In anticipation of their upcoming full length effort, Pittsburgh natives Run Forever have released Big Vacation, a three-track EP that serves to whet listeners’ appetites for more of the band’s unique brand of relaxed, emo-tinged indie rock. The three songs included on the EP mark a different sonic direction for the band, and even though the changes are slight at their most dramatic, the differences between Big Vacation and Run Forever’s older work are not only noticeable, but pleasing to hear.
What kind of differences, you ask? First and foremost, it seems as though the band is experimenting with tone as far as the instrumentation goes. When looked at in comparison to their recent releases, the guitars feel softer, the drums less in-your-face, and the vocals lower in the mix. Furthermore, to accompany this laid-back approach to their sound, the vocal delivery and lyrical content has been taken down a notch, as well. This isn’t to say that the record sounds anything close to complacent, but instead favors depressed, sulking discontent over sheer energy and anger.
Wistfulness plays a huge role as well in the thematic makeup of the EP. The title track, which also serves as the opener, sounds fed up in the most reluctant-to-act way, almost like someone who has been worn out from years of fighting back against their problems. Conversations are observed almost from a third person point-of-view, events and people are treated with quiet, almost lazy resentment – all backed up by a plodding, viscous instrumental.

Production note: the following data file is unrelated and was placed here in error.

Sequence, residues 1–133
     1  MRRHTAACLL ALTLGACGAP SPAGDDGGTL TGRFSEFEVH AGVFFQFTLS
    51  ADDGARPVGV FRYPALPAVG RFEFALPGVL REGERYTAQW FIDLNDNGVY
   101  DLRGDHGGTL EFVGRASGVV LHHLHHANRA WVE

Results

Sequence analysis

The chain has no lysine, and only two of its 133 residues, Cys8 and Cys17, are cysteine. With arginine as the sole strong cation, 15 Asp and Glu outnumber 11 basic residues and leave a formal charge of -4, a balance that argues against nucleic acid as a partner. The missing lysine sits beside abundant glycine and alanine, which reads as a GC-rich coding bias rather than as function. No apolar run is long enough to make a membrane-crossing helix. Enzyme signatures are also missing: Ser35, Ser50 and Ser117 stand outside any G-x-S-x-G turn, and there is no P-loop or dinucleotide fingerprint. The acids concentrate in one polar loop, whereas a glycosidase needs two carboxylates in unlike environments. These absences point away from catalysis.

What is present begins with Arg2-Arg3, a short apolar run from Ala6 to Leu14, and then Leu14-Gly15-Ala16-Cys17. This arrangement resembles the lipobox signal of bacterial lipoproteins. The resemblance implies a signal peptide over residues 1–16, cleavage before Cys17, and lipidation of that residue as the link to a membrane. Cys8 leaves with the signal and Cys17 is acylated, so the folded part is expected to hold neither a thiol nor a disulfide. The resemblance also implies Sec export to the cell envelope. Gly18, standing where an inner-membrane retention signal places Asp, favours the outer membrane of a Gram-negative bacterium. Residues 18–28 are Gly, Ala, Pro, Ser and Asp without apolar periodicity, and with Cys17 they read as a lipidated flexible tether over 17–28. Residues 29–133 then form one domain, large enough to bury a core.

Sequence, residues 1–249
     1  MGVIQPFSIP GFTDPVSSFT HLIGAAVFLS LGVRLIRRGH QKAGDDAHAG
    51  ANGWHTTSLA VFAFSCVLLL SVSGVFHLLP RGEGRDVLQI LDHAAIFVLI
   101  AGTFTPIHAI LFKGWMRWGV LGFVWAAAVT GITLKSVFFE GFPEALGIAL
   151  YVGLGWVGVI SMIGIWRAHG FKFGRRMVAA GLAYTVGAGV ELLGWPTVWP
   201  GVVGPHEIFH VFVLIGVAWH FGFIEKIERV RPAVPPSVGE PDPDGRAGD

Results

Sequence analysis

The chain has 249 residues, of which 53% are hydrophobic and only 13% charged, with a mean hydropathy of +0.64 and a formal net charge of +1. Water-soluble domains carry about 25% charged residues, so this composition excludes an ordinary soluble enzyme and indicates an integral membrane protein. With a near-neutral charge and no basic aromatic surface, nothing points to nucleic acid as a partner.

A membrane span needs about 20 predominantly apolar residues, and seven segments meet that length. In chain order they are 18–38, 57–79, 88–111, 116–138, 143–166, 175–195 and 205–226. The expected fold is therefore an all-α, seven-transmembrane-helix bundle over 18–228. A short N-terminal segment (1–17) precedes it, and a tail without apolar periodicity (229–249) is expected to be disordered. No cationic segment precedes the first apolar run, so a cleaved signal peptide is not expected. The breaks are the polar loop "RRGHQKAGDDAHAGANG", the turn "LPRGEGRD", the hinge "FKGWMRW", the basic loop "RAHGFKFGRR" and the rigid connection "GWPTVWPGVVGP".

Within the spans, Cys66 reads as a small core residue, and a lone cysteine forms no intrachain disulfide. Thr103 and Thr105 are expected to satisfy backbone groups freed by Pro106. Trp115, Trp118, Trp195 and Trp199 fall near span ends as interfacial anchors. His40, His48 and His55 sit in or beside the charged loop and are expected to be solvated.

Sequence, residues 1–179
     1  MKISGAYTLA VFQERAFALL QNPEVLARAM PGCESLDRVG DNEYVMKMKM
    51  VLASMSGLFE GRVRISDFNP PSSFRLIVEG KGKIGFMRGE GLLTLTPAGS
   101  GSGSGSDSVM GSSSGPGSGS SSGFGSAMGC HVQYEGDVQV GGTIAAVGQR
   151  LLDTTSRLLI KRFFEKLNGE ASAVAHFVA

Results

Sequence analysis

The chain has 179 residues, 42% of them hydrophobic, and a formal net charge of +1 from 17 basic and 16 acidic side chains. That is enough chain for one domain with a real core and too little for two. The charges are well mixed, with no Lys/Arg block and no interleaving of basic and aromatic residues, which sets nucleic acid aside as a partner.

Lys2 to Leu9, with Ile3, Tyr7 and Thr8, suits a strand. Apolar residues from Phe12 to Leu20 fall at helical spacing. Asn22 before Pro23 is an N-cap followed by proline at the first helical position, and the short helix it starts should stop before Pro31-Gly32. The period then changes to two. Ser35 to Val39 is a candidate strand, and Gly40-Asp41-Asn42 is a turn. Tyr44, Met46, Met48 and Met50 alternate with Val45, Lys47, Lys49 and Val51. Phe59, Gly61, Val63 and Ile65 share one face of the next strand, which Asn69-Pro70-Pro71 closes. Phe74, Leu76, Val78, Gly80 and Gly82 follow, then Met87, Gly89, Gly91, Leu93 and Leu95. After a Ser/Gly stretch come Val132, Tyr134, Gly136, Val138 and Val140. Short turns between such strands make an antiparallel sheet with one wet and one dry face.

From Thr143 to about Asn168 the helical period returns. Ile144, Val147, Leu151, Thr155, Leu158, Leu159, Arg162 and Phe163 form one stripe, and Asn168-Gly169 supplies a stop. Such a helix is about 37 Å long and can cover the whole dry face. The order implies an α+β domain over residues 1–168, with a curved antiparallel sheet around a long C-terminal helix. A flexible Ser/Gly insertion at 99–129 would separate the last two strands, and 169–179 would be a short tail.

The whole attitude of the track adds up to something we haven’t previously seen from the band, but this isn’t a bad thing by any means. In fact, “maturity” is one of the words that comes to mind when contemplating the evolution of Run Forever’s sound, and after several years of prototypical punk restlessness, it’s a welcome idea. While the concept of maturing into a sound that can be more accurately described as “emo” doesn’t make much sense on paper, it can definitely be heard throughout all of Big Vacation – the band didn’t become melodramatic in the slightest, just more in touch with themselves.
In terms of being a satisfying listen for more seasoned Run Forever fans, Big Vacation’s popularity may be determined by how willing those fans are to accept change. In terms of being an objectively good EP, though, it definitely delivers in almost every department, and while not anything particularly revolutionary or genre-defining, there is something to be said for the band’s command of both their newly-updated sound as well as their lyrical content. A well-rounded collection of songs, through and through.